Telephone – Expanding Reach through Telemedicine

The telephone in healthcare is used in various ways:

  • Allow providers and medical staff to diagnose patients remotely.
  • Relay vital patient health records when to hospitals outside a healthcare group’s reach (example: out of state). 
  • Allow providers to converse with each over a diagnosis.

Medical computers and tablets greatly expand the telephone’s reach via telemedicine and can potentially replace it. With them, staff can:

  • See and hear patients directly on the PC thanks to built-in audio and video features. 
  • Providers can hold a virtual conference among themselves on their medical computers.
  • Bring up patient EMR while on a call without dealing with a telephone receiver.
  • Tablets can be configured to take / receive calls like a telephone with the right app. 

In addition, features such as certified medical grade, fanless design, and IP65 rated make these machines safe around patients which can’t be said for off-the-shelf telephone systems. 

Workstation on Wheels – Bringing Mobility to Medical Floor

Medical computers can replace paper records, fax machines, scanners and readers, and the telephone. Providers and other medical staff, though, need to access a computer station, which isn’t always possible when making the rounds. It’s not uncommon for a nurse to be doing rounds and then chart everything into the EMR at the nurses station. This is inefficient and takes time away from patient care.

Medical cart computers or workstation on wheels solves the issue by allowing staff members to simply bring the computer with them. 

Powered WoW – these medical carts come with a built-in battery to power the medical computer. Peripherals like an RFID-scanner, barcode reader, or even a mini-printer can also be powered by the battery. 

There are several disadvantages with this setup:

  • They’re heavy primarily because of the battery. This makes them tiring to medical staff, especially nurses.
  • Expensive. Powered WoW can cost between 2k-5k more than non-powered models due to that battery.
  • Recharging the battery takes the WoW out of circulation for hours. 

Non-powered WoW – This medical cart does not have a battery attached to it. Instead, the medical computer uses removable “hot swap” batteries for power itself and even peripherals like mini-printers. Staff can simply swap out spent batteries with fresh ones from the charger. The advantages of this setup include:

  • Much lighter than powered medical carts.
  • Less expensive. Can even repurpose older carts, cutting costs even further. 
  • No downtime as spent batteries are swapped for fresh ones. Can theoretically run 24/7.
  • Battery-powered medical monitors with hot-swappable batteries are also available. They can be used to power a hospital’s thin client PC, which extends their use which further keeps costs down.  

Staff’s Personal Devices

If medical computers and tablets can do most, if not all, the above features, why not just put them into that ultimate all-in-one device, the personal smartphone?

This is the thinking behind “Bring Your On Device” or BYOD. Many industries including healthcare thought it would be easier and even cost-effective if employees used their personal smartphones for business purposes.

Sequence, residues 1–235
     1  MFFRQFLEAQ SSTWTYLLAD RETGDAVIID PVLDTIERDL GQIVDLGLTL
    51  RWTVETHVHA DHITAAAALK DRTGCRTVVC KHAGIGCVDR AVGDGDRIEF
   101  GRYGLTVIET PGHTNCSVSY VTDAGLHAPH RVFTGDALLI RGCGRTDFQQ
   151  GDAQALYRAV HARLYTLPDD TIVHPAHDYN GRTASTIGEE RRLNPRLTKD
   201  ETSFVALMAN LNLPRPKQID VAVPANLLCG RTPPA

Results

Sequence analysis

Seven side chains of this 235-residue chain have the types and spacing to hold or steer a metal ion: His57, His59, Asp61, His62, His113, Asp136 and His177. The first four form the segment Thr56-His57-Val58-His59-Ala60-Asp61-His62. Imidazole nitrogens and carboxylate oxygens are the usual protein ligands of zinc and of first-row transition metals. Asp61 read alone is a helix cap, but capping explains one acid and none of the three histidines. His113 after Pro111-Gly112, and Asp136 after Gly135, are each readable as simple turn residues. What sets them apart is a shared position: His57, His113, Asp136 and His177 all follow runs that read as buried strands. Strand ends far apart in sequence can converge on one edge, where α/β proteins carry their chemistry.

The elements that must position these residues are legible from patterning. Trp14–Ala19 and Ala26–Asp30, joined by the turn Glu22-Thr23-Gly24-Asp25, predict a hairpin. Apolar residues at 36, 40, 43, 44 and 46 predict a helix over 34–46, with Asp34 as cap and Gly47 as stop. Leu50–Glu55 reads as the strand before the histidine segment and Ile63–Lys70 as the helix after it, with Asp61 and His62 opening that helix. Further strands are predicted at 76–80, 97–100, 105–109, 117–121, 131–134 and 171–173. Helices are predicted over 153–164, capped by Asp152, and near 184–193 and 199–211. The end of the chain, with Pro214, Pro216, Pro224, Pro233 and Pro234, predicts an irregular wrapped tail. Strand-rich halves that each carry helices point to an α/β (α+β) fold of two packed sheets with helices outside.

This idea quickly proved complicated with healthcare due to: 

Lack of compliance with HIPAA –  Enacted in 1996, the Health Insurance Portability and Accountability Act was signed into law to patient information. This meant the enactment of a host of cybersecurity features like encryption, firewalls, secure passwords, etc. Many of these are not available on regular smartphones. In fact, they may be forbidden (see below).

No Access to OS – Many smartphone and tablet manufacturers forbid access to the inner workings to their hardware and software. Healthcare IT (HIT) cannot then install the proper features for the devices to work with the medical facilities networks and be HIPAA-compliant. 

No standardization of features – Standards are the norm in healthcare. Every piece of equipment from IV bags to scalpels has a specific set of features to be used in a specific way. This makes it easy for staff to focus on patient care without worrying how to use their tools. Unfortunately, BYOD is not standard. Customization in fact is one of its selling points. This makes them a headache to HIT, which has to make sure each device is compatible with all necessary medical hardware and software. Frequent OS updates are especially complex since the healthcare industry keeps a lot of older equipment called “legacy” in vital roles. 

Vector for disease – Medical facilities like hospitals spend a lot of time cleaning to minimize diseases like hospital-acquired infections (HAI) from affecting patients. BYOD, though, are a hotbed of pathogens as their frequently used both in ﹘ and out ﹘ of medical settings. Worse, they’re not designed to withstand the routine cleaning used in healthcare. Few are sealed against water and liquid cleaners, and their casings will quickly be worn out by harsh chemicals routinely used in medicine. 

Medical computers and tablets are designed to address these issues. The hardware and software is standard and open for HIT to install the necessary features for them to be HIPAA-compliant. Many have a smart card reader, an RFID reader, or fingerprint reader paired with Windows authentication to protect data from unauthorized access. Finally, antimicrobial* properties protect the computer casing from deterioration and degradation. 

Closing Comments

Many devices like paper records and even the telephone are becoming obsolete as their functions are taken over by medical computers and tablets. There are numerous advantages to this especially in hospital settings where infection is a big concern. 

If your healthcare group is interested in how medical computers can potentially replace up to six types of medical equipment, contact a representative from Cybernet.